Malicious Code Can Look Like It Has Been Signed by Apple

Malicious Code Can Look Like It Has Been Signed by Apple

Security researchers just discovered a code-signing bypass vulnerability that allows malicious code to masquerade as an official Apply system file. In other words, some of the implementations of Apple’s official code-signing API can be exploited by hackers.




Apple has made an API available to developers who wish to build a security function that verified Apple files as legitimate. The issue stems from the way some developers have implemented the API, thus introducing a vulnerability into the security product.

The flaw allows for unsigned malicious code to look like it has been signed by Apple. As a result of this “misunderstanding”, malware can trick vulnerable security products and services into believing it is just another legitimate Apple file.

Related Story: Apple Patch Remedies Critical High Sierra Vulnerability (CVE-2017-7149)

Who is affected by this vulnerability? A host of security products, several open-source projects and security functions used by Google, Facebook and Yelp.

More about the Vulnerability

As explained by researcher Josh Pitt at Okta, the flaw exists in the difference between how the Mach-O loader loads signed code versus how improperly used Code Signing APIs check signed code and is exploited via a malformed Universal/Fat Binary (a binary format that contains several Mach-O files with each targeting a specific native CPU architecture).

It should be noted that there are several conditions for the vulnerability to work:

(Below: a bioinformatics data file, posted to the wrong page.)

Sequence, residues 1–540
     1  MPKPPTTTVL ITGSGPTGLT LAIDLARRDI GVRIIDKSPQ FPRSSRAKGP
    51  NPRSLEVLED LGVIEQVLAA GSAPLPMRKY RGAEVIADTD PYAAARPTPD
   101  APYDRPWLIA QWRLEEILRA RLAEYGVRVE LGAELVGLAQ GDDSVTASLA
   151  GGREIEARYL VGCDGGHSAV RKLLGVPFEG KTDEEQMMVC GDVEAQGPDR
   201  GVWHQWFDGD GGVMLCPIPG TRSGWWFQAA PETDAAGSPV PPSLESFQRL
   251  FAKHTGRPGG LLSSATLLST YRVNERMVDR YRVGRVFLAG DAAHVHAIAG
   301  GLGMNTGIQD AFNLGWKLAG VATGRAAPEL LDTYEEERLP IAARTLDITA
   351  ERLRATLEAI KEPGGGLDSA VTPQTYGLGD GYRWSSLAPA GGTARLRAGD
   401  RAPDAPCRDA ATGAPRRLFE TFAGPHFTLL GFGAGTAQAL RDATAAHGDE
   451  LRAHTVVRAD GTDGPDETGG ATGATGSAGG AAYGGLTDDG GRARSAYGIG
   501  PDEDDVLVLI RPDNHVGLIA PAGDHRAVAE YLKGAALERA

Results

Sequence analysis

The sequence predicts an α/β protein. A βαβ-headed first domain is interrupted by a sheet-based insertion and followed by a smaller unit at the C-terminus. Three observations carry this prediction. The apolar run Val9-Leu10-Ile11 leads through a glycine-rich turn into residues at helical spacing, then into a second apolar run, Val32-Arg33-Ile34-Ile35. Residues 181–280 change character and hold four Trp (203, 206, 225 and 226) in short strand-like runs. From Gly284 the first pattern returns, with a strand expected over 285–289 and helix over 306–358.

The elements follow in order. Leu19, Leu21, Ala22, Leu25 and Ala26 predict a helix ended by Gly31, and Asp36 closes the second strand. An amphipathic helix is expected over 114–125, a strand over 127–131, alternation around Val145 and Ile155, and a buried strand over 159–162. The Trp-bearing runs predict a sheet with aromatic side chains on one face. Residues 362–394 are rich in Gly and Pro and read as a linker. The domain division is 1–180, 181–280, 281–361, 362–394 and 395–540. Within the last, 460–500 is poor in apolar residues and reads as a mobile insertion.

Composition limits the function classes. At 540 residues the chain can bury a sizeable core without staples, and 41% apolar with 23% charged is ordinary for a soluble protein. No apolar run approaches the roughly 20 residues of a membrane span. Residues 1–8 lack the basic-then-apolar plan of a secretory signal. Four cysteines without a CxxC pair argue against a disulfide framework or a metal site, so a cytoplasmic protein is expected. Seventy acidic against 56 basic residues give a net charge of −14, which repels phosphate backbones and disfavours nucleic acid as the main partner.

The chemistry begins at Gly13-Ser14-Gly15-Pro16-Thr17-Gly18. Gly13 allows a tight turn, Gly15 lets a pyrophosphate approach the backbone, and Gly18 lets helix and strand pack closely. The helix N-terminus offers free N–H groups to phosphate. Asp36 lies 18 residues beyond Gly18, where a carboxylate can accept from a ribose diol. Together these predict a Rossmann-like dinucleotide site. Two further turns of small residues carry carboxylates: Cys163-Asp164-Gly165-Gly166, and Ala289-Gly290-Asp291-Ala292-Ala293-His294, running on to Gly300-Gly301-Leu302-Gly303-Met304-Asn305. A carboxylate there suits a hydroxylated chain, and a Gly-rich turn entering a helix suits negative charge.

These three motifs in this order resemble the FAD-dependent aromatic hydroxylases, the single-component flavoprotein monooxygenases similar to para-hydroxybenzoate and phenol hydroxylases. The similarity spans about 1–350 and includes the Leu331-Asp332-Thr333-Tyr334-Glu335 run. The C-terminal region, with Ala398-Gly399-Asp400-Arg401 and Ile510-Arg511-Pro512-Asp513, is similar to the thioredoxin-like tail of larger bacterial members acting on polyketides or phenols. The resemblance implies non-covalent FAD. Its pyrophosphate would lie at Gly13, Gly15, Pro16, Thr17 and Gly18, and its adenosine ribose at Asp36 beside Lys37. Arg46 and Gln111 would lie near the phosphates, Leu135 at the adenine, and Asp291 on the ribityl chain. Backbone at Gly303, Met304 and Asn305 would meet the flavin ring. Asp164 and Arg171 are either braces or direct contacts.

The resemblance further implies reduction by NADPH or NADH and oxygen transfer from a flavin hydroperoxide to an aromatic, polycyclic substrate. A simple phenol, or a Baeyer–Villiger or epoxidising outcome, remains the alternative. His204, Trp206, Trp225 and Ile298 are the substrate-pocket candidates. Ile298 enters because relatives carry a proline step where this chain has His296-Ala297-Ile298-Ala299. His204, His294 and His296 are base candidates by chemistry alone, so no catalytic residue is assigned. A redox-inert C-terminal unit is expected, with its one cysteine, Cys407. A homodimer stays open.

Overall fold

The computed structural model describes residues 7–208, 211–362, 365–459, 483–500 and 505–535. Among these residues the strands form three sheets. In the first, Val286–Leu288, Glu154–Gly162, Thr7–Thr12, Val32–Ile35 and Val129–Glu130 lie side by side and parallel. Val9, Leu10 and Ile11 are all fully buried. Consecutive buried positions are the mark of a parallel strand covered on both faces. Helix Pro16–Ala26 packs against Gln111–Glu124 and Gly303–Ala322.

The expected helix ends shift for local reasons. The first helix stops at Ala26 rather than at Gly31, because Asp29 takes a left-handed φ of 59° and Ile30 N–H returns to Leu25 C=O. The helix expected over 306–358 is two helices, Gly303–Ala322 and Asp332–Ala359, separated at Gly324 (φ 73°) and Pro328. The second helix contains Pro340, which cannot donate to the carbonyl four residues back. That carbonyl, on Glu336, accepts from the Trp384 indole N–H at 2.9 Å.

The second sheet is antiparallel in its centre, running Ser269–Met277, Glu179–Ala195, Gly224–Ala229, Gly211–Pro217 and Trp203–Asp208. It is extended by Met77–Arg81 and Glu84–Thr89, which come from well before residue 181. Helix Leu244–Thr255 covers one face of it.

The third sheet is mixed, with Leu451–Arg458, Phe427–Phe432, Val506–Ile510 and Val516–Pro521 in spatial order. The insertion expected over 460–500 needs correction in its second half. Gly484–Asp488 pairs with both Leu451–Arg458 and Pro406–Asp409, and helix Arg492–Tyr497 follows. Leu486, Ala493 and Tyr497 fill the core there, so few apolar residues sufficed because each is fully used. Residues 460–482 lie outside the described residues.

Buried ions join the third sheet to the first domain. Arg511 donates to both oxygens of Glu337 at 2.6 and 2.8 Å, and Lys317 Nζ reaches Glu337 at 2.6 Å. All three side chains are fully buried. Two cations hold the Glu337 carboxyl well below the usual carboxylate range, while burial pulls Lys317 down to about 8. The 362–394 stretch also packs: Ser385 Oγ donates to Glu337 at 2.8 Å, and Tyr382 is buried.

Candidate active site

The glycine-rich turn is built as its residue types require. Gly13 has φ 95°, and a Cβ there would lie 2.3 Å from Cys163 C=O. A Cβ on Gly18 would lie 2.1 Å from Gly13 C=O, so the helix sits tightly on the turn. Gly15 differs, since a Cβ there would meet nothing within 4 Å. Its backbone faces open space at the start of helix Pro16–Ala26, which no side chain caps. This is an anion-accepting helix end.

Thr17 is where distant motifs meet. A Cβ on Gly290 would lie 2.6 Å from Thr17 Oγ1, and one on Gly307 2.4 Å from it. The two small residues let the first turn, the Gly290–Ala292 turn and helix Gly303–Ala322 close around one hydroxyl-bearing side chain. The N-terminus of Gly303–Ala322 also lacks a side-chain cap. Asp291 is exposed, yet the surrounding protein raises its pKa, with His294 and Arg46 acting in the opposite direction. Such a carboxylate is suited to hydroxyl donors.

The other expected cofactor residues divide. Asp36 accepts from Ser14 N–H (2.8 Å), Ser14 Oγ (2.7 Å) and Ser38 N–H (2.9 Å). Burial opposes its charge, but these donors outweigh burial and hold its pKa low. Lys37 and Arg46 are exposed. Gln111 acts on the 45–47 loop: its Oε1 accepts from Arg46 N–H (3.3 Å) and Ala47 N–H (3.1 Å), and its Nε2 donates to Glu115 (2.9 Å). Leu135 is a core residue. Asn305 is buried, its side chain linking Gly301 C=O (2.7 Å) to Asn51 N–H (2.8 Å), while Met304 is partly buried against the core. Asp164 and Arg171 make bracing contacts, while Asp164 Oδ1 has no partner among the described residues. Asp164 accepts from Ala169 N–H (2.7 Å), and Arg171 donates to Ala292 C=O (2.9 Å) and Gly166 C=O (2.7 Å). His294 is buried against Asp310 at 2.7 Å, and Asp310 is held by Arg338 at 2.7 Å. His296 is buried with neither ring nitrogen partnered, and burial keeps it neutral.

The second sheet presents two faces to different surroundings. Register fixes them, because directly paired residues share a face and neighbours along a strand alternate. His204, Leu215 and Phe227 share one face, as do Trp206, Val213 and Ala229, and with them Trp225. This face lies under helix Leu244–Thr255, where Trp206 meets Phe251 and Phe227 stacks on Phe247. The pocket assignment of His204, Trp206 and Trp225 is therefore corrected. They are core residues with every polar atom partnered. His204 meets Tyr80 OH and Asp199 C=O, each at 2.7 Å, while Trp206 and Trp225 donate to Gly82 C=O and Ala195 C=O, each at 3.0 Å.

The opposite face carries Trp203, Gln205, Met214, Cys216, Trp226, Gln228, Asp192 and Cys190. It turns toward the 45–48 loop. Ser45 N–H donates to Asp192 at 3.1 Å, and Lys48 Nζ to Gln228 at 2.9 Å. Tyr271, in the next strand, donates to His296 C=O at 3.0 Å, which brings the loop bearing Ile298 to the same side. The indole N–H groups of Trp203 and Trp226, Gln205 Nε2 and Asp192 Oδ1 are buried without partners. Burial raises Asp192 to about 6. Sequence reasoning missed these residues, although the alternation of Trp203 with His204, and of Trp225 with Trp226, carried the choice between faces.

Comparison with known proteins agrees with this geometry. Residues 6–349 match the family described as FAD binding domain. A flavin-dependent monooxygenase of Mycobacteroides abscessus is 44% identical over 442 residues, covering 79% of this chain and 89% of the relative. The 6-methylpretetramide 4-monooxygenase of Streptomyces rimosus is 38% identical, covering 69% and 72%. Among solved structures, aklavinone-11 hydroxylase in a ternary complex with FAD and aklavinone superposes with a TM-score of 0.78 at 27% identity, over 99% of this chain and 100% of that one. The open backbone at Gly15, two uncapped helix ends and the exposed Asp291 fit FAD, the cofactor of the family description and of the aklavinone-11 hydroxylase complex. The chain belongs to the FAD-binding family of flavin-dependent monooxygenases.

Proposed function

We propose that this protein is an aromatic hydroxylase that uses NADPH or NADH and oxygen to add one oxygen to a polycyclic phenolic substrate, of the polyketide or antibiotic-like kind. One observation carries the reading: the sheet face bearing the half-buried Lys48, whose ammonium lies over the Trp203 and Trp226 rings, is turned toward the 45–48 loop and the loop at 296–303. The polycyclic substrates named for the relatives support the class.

– The first Mach-O in the Fat/Universal file must be signed by Apple, can be i386, x86_64, or even PPC.
– The malicious binary, or non-Apple supplied code, must be adhoc signed and i386 compiled for an x86_64 bit target macOS.
– The CPU_TYPE in the Fat header of the Apple binary must be set to an invalid type or a CPU Type that is not native to the host chipset.

The initial proof-of-concept demonstrated how easy it is for the flaw to be exploited successfully – the exploit doesn’t even require admin access nor does it require JIT’ing code or memory corruption to bypass code-signing checks. All that is required is a “properly formatted Fat/Universal file, and [then] code-signing checks [are returned as being] valid“, the researcher pointed out.

Patching Is the Developer’s Responsibility

In addition, the code-signing APIs have flags that should ensure that all of these files are cryptographically signed. The truth is different, as “these APIs fall short by default, and third-party developers will need to carve out and verify each architecture in the Fat/Universal file and verify that the identities match and are cryptographically sound.” As to who is responsible for the patching of the issue, Okta researcher says it is the developer’s responsibility.

Related Story: ZipperDown Vulnerability Affects About 10% of iOS Apps

Known affected vendors and open-source projects are alerted and patches are available. Here is a list of affected vendors and the applying patches:

Carbon Black (CVE-2018-10407); Facebook (CVE-2018-6336); F-Secure (CVE-2018-10403); Google (CVE-2018-10405); Objective Development (CVE-2018-10470); Objective-See (CVE-2018-10404); VirusTotal (CVE-2018-10408); and Yelp (CVE-2018-10406)

There may be even more third-party security, forensics and incident response tools that use the official code-signing APIs, meaning there are more affected parties. The researcher urges developers to check their code using his proof-of-concept.




Milena Dimitrova

An inspired writer, focused on user privacy and malicious software. Enjoys 'Mr. Robot' and fears '1984'.

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